Instead, with no particular magic beyond Premier T.C. Douglas’s inspira- tional optimism and the solid core of prairie pragmatism that permeated the cabinet, caucus and the CCF cadres, Saskatchewan’s CCF government survived for twenty remarkably innovative years. Except in its first term it faced an active opposition and unend- ing criticism from the province’s daily newspapers. Never a ”œhave” province, Saskatchewan pioneered universal hos- pital insurance in the CCF’s first four- year term. Building on free care for tuberculosis and mental illness, with specific experience of universal health insurance in the Swift Current district, Douglas and his successor, Woodrow Lloyd, pioneered Medicare in the face of the furious, continent-wide resist- ance of the medical profession. With even greater originality, Saskatchewan became the world pioneer of govern- ment-run, universal auto insurance, sold with the annual registration plates.

While CCF politicians and Saskatchewan’s own people share a substantial part of the credit, Al Johnson explains the role of govern- ment, whether ministers, career civil servants or young men and women like himself, drawn to a remote, impoverished Canadian province to fulfil their own radical ideals. Growing up in Regina in the 1940s, I remember George Cadbury or Morris Shumiatcher, chiefly because they were regularly reviled in the Leader Post and at Liberal rallies in the armouries across from our house. Johnson describes Cadbury’s contribution to the Economic and Advisory Planning Board, or EAPB, the research-based guide for Douglas and his Cabinet and the major check on Joe Phelps, his rad- ical and sometimes uncontrollable minister of natural resources, and Shumiatcher’s role in giving Saskatchewan a pioneering Human Rights Act.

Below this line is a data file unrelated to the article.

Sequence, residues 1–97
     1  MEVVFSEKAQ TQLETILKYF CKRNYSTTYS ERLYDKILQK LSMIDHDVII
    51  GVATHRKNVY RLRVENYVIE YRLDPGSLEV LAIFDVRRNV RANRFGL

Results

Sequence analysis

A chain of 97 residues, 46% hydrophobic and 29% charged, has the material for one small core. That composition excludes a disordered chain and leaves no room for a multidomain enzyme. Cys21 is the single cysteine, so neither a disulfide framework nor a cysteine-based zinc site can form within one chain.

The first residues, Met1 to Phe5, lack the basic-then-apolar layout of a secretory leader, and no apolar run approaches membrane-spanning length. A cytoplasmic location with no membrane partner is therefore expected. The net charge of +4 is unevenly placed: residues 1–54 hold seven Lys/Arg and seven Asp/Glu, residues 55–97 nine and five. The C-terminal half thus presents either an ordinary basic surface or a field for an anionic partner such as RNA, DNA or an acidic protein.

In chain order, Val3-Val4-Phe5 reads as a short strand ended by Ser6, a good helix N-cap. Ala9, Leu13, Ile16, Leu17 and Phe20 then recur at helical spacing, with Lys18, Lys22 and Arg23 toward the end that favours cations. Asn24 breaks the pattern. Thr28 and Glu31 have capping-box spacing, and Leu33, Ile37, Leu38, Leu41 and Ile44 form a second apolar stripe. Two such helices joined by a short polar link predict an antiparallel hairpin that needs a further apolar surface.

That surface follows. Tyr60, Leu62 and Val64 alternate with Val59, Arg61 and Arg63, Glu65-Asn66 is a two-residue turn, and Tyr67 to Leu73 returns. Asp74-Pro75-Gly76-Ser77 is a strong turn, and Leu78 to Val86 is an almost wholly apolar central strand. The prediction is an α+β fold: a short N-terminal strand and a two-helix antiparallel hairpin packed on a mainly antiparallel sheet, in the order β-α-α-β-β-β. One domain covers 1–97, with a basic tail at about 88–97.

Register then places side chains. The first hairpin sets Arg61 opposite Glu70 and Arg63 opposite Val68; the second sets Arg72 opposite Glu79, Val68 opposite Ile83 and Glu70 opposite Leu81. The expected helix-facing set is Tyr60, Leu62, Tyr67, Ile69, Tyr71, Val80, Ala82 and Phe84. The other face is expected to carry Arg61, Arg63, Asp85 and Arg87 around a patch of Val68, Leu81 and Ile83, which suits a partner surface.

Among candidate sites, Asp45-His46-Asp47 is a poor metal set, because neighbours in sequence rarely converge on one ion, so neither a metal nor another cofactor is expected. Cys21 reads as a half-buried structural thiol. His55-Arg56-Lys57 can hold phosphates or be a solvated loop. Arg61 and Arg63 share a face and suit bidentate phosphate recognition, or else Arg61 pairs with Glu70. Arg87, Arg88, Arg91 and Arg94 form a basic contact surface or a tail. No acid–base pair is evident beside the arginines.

Over time, the CCF grew less radi- cal. Early experiments with pub- lic ownership ”” a box factory, a woollen mill, a sodium sulphate plant ”” were not continued. Oil and gas exploration, over some CCF objections, were left to free enterprise. Public enterprise was plainly never going to produce the profits to finance social programs. Other accomplishments, from education to rural electrification, took time and patience. So did the evo- lution of a professional and highly competent public service. Part of that process was the education leave at Harvard that allowed Johnson to produce the ear- lier version of this book. That interlude prepared Johnson for his role in the CCF’s climactic struggle for universal health insurance, described here from an insider’s perspective.

Critics will complain that Johnson is too close to his subject and too close to Douglas and the CCF to be a critic of their style of government. His book may not commend itself to Danny Williams in Newfoundland, Gordon Campbell in British Columbia or Jean Charest’s Liberals in Quebec City. Even there, however, Johnson’s description of how to move a government in a fresh direc- tion has relevance, enriched by Al Johnson’s lifetime experience in both Ottawa and Regina. Dream No Little Dreams will not be the last word on Saskatchewan’s democracy, but nowhere to date have more complex questions found clearer or more persuasive answers.

You are welcome to republish this Policy Options article online or in print periodicals, under a Creative Commons/No Derivatives licence.

Creative Commons License